Congress is running out of time to pass a transportation bill. If lawmakers cannot forge an agreement, they will need to fund projects on the nation's roads and bridges with a stopgap measure.

Again.

Congress last passed a surface transportation bill in 2005, and since that bill expired in 2009 lawmakers have enacted nine straight short-term extensions. They now have until June 30th to avert a scenario in which construction projects come to a halt as money for them dries up -- something neither party wants to happen.

Senate Majority Leader Harry Reid, Democrat of Nevada, upped the pressure on Tuesday, saying a deal needed to happen on Wednesday in order to leave enough time to get the bill to President Obama before the current pot of funding evaporates.

We have to have an agreement by tomorrow, Reid said on Tuesday. Otherwise, we can't get the bill done. 

Congress' failure to pass a long-term surface transportation bill at a time when the nation's deteriorating infrastructure earned a D grade from the American Society of Civil Engineers has emerged as a symbol of dysfunction on Capitol Hill. President Obama has repeatedly stressed investments in infrastructure as a means to stimulate the economy and produce jobs, but to no avail.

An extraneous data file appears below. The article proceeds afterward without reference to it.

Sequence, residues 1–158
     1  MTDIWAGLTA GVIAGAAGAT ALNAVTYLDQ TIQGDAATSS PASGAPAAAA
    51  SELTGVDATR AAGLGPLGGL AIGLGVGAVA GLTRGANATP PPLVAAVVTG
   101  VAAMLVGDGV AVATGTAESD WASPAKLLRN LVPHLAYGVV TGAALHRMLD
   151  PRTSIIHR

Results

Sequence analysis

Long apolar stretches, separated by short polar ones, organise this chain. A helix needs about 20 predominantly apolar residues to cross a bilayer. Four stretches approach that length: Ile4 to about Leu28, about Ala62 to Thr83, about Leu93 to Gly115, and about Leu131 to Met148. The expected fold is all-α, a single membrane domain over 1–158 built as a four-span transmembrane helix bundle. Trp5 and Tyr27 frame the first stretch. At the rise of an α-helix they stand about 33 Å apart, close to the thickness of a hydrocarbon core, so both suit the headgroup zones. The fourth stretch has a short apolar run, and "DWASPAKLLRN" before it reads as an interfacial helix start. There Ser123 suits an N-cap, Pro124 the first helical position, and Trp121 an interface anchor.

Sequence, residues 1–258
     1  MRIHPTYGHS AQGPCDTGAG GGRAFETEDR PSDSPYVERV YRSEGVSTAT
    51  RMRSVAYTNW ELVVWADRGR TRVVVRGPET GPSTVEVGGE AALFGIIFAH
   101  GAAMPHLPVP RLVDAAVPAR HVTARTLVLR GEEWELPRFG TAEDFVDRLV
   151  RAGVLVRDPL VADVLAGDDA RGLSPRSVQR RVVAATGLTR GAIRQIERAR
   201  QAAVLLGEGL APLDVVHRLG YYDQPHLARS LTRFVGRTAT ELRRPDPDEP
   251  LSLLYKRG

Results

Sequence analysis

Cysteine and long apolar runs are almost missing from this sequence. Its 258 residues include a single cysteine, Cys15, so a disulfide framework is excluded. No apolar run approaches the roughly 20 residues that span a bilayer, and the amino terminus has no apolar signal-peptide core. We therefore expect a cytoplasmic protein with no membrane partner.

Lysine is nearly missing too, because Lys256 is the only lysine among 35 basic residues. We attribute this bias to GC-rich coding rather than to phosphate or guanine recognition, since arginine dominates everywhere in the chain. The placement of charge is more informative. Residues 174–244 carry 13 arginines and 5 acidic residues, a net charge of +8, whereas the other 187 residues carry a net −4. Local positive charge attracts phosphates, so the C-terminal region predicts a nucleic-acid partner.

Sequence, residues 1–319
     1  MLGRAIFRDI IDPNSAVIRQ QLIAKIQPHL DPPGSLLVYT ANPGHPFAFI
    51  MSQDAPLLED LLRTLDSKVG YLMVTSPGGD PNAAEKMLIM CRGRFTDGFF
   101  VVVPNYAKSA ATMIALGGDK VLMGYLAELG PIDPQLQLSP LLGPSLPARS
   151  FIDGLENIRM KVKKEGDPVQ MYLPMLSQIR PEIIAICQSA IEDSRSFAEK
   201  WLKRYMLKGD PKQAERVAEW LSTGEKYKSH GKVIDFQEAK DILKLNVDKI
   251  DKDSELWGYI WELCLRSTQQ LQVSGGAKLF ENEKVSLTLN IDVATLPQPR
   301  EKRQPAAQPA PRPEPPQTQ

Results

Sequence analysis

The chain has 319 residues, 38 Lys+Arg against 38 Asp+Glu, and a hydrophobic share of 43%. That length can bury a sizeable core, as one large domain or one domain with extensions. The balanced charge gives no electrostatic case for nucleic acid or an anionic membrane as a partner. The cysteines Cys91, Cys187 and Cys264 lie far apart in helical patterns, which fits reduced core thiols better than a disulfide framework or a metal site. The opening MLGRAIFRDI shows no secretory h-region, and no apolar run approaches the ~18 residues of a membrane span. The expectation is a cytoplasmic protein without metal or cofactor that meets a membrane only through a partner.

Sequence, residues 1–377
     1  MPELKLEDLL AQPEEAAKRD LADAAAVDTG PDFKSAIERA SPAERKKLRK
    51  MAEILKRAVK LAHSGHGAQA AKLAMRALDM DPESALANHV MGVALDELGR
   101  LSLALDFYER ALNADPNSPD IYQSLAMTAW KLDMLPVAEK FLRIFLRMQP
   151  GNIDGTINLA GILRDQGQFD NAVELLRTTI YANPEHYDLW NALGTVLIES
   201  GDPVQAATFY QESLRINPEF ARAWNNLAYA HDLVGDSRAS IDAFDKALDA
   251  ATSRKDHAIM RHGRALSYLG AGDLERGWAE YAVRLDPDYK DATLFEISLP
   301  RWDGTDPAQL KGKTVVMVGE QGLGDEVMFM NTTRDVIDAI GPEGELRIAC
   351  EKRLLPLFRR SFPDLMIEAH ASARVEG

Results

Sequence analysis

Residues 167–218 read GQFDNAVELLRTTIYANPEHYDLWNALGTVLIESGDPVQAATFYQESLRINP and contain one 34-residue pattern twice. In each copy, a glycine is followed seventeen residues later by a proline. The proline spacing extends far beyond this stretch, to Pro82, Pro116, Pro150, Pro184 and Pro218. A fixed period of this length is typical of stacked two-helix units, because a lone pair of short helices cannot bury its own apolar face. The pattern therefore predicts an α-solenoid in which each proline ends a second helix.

Disagreements about how to pay for the bill have been part of the problem. Last time around, House Republicans rejected a Senate bill in part because they said that federal gasoline tax revenue, the traditional source of funding for surface transportation projects, was insufficient. They pushed to have new offshore drilling included, saying the royalties from new projects would help cover the shortfall.

The Keystone XL pipeline also continues to be a sticking point -- Obama has put the project on hold pending an environmental review, but Republicans want transportation legislation to include a mechanism that would accelerate the natural gas pipeline. They also want to ease restrictions on coal-ash pollution.

Another possibility is that the transportation bill gets rolled into separate legislation that would prevent interest rates on student loans from doubling. Senate leaders said on Tuesday that they had completed work on the student loan bill and kept alive the possibility that transportation language could be included.